Tuesday, February 10
Interview & Giveaway at Flashlight Commentary
Wednesday, February 11
Spotlight & Giveaway at Passages to the Past
Thursday, February 12
Review at With Her Nose Stuck in a Book
Friday, February 13
Spotlight at What Is That Book About
Monday, February 16
Review & Excerpt at A Virtual Hobby Store and Coffee Haus
Tuesday, February 17
Interview & Giveaway at A Virtual Hobby Store and Coffee Haus
Spotlight at CelticLady’s Reviews
Wednesday, February 18
Review at Back Porchervations
Thursday, February 19
Spotlight at A Literary Vacation
Friday, February 20
Interview & Giveaway at Let Them Read Books
Saturday, February 21
Spotlight at Historical Readings & Reviews
Monday, February 23
Interview & Giveaway at Teddy Rose Book Reviews
Tuesday, February 24
Audio Book Review & Interview at Just One More Chapter
Wednesday, February 25
Review at Bookish
Thursday, February 26
Spotlight at Historical Fiction Connection
Monday, March 2
Review at Forever Ashley
Tuesday, March 3
Interview at Books and Benches
Wednesday, March 4
Spotlight at Caroline Wilson Writes
Thursday, March 5
Review & Reader’s Guide at She is Too Fond of Books
Friday, March 6
Review at Impressions in Ink

Sunday, March 1, 2015

A Poetic Introduction to March

 photo be00ec48-e345-4f89-8fc5-de4c210abb9d.jpg

"The future is something which everyone reaches at the rate of 60 minutes an hour, whatever he does, whoever he is." C.S. Lewis

"You got to be careful if you don't know where you're going, because you might not get there." Yogi Berra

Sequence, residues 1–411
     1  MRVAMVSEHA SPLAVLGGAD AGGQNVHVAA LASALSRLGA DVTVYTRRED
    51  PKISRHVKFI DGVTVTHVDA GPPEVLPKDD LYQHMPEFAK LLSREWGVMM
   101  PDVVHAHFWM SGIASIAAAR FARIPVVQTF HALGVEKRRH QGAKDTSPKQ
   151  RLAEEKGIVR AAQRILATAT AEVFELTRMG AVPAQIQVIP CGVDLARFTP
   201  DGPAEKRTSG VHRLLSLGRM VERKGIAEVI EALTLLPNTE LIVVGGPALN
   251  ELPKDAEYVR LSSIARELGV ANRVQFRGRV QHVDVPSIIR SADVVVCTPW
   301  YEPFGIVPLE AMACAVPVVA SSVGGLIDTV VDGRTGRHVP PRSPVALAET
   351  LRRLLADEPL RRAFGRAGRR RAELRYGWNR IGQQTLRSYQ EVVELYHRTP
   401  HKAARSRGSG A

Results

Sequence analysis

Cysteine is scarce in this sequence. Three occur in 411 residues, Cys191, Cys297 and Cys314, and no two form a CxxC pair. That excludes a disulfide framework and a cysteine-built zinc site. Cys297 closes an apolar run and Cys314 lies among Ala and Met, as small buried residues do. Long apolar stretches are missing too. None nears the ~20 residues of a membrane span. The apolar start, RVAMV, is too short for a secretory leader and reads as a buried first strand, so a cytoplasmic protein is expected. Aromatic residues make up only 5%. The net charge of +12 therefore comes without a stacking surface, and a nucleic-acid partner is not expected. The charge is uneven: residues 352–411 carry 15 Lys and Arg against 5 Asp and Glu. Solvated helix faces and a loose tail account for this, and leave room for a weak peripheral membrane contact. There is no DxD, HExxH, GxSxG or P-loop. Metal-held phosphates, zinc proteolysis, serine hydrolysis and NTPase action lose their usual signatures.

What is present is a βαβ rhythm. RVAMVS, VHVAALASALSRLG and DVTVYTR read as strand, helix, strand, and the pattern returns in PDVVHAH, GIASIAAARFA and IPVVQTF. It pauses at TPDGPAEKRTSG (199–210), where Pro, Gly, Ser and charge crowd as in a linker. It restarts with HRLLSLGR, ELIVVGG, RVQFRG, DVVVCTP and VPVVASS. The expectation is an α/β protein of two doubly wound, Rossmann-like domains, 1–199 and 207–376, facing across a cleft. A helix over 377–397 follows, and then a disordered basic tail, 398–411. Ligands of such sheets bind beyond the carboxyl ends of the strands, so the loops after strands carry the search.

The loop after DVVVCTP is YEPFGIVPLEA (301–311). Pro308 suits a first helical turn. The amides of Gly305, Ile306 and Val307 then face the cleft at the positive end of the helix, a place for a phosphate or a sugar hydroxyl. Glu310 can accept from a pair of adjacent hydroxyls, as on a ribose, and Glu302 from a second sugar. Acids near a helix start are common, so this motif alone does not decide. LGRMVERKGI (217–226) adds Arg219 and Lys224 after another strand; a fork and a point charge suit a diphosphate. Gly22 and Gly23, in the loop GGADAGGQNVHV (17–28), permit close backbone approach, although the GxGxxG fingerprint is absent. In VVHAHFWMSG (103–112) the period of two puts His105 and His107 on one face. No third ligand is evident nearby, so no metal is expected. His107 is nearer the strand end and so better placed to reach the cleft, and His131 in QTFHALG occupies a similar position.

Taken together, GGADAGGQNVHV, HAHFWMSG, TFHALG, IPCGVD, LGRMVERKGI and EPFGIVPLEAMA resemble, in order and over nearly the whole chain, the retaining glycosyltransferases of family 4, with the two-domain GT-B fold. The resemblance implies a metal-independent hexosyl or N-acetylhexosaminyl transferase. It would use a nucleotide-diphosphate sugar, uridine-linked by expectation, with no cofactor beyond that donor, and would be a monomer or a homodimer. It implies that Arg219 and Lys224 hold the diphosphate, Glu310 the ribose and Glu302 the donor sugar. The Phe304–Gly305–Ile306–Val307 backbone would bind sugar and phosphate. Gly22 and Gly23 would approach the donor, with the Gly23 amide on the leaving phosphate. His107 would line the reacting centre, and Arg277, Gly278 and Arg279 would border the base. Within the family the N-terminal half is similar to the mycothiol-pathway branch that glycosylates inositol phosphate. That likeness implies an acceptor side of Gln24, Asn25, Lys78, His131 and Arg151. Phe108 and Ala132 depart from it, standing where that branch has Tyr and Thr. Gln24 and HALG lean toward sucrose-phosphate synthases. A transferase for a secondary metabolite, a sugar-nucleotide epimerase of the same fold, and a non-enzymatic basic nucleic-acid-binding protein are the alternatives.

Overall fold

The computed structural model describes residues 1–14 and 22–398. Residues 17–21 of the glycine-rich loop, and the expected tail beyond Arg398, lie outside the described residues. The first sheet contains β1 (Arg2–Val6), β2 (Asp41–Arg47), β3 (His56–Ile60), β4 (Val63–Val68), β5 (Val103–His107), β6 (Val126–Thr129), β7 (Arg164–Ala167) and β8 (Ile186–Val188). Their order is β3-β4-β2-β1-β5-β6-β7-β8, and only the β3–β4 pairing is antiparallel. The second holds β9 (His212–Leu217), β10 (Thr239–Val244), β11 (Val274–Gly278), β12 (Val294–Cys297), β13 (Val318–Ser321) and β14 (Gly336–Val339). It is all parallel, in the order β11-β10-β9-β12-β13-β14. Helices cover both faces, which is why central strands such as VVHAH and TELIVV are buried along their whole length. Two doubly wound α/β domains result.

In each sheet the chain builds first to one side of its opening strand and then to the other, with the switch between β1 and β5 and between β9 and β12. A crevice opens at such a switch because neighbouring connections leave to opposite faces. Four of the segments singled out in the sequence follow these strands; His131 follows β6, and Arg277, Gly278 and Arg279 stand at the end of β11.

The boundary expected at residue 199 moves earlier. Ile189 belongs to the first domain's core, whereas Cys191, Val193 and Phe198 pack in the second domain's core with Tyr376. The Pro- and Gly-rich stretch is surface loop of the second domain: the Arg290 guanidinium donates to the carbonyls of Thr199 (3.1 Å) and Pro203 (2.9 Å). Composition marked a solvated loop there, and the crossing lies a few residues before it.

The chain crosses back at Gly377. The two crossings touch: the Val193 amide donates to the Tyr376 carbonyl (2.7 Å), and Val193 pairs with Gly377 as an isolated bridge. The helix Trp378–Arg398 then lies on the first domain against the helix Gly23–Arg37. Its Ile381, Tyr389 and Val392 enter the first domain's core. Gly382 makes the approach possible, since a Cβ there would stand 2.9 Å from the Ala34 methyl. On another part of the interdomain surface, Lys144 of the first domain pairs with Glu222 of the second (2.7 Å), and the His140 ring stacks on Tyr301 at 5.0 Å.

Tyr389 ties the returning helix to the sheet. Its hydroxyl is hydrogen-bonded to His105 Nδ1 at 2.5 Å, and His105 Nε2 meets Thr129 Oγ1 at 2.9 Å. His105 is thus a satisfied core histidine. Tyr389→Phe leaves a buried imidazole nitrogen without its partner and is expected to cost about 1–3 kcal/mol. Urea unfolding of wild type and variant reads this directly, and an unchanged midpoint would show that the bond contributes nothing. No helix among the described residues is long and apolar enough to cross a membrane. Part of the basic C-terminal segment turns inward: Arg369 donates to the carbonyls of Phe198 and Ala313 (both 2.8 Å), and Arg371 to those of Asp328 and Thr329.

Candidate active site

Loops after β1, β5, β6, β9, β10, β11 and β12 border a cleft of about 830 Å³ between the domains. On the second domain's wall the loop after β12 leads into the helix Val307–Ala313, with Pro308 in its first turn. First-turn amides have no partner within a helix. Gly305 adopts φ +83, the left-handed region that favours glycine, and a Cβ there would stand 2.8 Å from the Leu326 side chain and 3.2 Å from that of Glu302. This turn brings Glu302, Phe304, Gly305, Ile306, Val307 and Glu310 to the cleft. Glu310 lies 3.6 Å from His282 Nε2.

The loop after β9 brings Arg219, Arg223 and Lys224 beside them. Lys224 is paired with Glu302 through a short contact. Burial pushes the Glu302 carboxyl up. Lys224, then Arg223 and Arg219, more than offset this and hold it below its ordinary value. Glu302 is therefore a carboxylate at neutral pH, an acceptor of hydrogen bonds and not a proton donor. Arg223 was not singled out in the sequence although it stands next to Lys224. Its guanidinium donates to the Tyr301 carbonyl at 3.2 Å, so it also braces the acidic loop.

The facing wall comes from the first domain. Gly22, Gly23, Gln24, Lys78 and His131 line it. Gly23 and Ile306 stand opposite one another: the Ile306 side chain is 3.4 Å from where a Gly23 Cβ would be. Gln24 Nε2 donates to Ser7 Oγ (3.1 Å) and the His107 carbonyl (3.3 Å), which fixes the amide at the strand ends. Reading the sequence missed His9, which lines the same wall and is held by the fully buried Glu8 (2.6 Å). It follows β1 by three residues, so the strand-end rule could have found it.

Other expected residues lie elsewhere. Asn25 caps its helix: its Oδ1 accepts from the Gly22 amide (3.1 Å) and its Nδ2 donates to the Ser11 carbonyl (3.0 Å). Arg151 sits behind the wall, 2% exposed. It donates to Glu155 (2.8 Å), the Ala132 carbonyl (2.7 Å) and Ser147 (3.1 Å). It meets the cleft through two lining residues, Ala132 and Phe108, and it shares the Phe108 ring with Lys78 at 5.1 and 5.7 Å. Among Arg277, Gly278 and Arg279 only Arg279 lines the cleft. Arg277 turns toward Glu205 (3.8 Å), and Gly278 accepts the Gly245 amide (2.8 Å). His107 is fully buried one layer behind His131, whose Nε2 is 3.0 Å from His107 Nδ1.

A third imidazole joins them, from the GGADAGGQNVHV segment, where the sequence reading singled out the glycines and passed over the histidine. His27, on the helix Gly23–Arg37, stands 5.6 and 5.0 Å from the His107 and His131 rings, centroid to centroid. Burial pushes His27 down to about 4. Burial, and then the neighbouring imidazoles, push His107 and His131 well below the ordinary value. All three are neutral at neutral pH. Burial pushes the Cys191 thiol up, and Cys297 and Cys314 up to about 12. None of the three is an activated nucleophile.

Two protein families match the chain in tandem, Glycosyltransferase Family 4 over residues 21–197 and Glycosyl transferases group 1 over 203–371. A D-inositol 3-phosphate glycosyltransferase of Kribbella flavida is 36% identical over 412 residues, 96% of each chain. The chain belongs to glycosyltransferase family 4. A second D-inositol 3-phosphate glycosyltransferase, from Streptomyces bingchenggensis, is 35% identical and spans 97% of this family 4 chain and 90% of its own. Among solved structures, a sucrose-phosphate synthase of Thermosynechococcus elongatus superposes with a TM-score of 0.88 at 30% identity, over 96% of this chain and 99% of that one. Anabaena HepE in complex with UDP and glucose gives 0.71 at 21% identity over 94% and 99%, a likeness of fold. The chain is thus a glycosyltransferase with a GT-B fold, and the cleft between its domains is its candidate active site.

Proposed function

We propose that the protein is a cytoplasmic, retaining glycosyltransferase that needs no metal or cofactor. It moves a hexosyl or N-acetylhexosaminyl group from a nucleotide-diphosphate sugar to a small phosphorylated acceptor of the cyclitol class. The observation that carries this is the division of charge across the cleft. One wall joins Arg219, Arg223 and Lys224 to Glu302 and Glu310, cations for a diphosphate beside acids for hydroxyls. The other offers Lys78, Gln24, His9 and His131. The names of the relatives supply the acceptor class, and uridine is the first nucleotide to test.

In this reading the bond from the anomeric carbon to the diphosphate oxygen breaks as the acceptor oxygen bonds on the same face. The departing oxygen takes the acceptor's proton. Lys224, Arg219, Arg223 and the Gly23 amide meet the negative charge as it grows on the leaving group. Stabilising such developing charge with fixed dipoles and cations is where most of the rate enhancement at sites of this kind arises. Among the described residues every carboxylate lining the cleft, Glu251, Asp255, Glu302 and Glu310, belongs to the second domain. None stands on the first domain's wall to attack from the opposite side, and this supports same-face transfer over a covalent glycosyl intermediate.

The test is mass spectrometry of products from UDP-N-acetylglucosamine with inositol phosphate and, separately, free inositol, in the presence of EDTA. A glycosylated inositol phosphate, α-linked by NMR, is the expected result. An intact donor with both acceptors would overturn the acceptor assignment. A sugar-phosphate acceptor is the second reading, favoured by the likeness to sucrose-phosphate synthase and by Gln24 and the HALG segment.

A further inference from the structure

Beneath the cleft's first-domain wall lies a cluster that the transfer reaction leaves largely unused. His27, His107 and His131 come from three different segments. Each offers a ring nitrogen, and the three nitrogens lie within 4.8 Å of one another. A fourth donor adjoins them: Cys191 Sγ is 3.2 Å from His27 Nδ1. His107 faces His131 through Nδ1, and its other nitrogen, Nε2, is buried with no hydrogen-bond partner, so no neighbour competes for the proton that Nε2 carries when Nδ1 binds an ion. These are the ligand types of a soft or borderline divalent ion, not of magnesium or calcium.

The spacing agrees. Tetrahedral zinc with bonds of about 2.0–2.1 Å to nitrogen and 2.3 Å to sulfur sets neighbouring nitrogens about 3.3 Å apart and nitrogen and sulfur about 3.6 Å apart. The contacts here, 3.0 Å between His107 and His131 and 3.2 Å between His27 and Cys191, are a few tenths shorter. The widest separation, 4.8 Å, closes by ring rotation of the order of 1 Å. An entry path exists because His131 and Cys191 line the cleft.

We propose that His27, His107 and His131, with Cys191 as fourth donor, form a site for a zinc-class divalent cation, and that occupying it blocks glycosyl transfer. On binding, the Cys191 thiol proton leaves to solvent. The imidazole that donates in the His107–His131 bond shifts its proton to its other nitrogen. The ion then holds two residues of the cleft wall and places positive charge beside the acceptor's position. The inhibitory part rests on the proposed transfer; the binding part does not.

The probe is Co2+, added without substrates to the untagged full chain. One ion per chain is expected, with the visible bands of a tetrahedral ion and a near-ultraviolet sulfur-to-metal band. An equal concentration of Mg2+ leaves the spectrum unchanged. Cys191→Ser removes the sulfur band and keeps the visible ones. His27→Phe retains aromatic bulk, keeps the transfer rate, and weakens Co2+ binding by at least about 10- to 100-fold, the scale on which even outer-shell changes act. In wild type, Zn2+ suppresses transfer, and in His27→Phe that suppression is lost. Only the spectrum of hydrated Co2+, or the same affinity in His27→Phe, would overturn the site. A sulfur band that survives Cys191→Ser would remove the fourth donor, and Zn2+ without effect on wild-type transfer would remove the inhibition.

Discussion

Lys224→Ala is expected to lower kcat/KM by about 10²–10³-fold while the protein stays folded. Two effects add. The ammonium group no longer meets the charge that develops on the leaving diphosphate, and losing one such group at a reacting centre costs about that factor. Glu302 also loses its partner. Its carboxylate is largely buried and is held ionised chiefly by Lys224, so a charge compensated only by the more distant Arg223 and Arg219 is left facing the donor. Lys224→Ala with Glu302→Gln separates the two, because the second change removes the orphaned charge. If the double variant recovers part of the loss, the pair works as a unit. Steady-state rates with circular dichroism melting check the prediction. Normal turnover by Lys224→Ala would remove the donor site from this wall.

"The future belongs to those who believe in the beauty of their dreams." Eleanor Roosevelt

"One ship drives east and another drives west
With the selfsame winds that blow.
'Tis the set of sails
And not the gales
Which tells us the way to go.
Like the winds of the sea are the ways of fate,
As we voyage along through life:
'Tis the set of a soul
That decides its goal,
And not the calm or the strife."
Ella Wheeler Wilcox

"The year's at the spring
And the day's at the morn;
Morning's at seven;
The hillside's dew-pearled;
The lark's on the wing;
The snail's on the thorn:
God's in his heaven
All's right with the world!"
Robert Browning

"I wandered lonely as a cloud
That floats on high o'er vales and hills,
When all at once I saw a crowd,
A host, of golden daffodils,
Beside the lake, beneath the trees
Fluttering and dancing in the breeze.

Continuous as the stars that shine
And twinkle on the Milky Way,
They stretched in never-ending line
Along the margin of a bay.
Ten thousand saw I at a glance,
Tossing their heads in sprightly dance.

The waves beside them danced; but they
Outdid the sparkling waves in glee;
A poet could not but be gay,
In such a jocund company;

I gazed-and gazed-but little thought
What wealth the show to me had brought:
For oft, when on my couch I lie
In vacant or in pensive mood,
They flash upon that inward eye
Which is the bliss of solitude;
And then my heart with pleasure fills,
And dances with the daffodils."
William Wordsworth

The last two poems are from the book Random House Treasury-Best Loved Poems 3rd edition. The other poems were from my mother's hand writing, I don't know where she first read them.